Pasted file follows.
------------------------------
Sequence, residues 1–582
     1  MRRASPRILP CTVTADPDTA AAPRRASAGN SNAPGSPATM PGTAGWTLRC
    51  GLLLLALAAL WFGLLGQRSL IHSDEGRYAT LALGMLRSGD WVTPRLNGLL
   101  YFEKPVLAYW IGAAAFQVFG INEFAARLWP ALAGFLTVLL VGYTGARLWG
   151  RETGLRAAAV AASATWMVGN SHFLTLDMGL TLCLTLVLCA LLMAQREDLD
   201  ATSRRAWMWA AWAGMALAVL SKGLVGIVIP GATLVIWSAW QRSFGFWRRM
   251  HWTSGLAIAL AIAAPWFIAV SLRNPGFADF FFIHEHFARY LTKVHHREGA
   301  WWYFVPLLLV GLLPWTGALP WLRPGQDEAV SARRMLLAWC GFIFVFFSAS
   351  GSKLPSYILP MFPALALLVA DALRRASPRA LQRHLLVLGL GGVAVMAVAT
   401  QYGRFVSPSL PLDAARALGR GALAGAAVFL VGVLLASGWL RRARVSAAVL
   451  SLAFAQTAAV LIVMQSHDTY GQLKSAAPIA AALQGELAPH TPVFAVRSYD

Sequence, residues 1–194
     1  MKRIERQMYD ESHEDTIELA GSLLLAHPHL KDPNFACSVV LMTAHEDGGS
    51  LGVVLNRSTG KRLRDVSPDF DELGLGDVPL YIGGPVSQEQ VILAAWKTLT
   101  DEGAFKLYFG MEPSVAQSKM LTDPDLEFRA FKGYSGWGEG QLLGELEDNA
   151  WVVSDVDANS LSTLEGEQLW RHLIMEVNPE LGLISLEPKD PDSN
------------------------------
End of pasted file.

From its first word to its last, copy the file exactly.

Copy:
Sequence, residues 1–582
     1  MRRASPRILP CTVTADPDTA AAPRRASAGN SNAPGSPATM PGTAGWTLRC
    51  GLLLLALAAL WFGLLGQRSL IHSDEGRYAT LALGMLRSGD WVTPRLNGLL
   101  YFEKPVLAYW IGAAAFQVFG INEFAARLWP ALAGFLTVLL VGYTGARLWG
   151  RETGLRAAAV AASATWMVGN SHFLTLDMGL TLCLTLVLCA LLMAQREDLD
   201  ATSRRAWMWA AWAGMALAVL SKGLVGIVIP GATLVIWSAW QRSFGFWRRM
   251  HWTSGLAIAL AIAAPWFIAV SLRNPGFADF FFIHEHFARY LTKVHHREGA
   301  WWYFVPLLLV GLLPWTGALP WLRPGQDEAV SARRMLLAWC GFIFVFFSAS
   351  GSKLPSYILP MFPALALLVA DALRRASPRA LQRHLLVLGL GGVAVMAVAT
   401  QYGRFVSPSL PLDAARALGR GALAGAAVFL VGVLLASGWL RRARVSAAVL
   451  SLAFAQTAAV LIVMQSHDTY GQLKSAAPIA AALQGELAPH TPVFAVRSYD

Sequence, residues 1–194
     1  MKRIERQMYD ESHEDTIELA GSLLLAHPHL KDPNFACSVV LMTAHEDGGS
    51  LGVVLNRSTG KRLRDVSPDF DELGLGDVPL YIGGPVSQEQ VILAAWKTLT
   101  DEGAFKLYFG MEPSVAQSKM LTDPDLEFRA FKGYSGWGEG QLLGELEDNA
   151  WVVSDVDANS LSTLEGEQLW RHLIMEVNPE LGLISLEPKD PDSN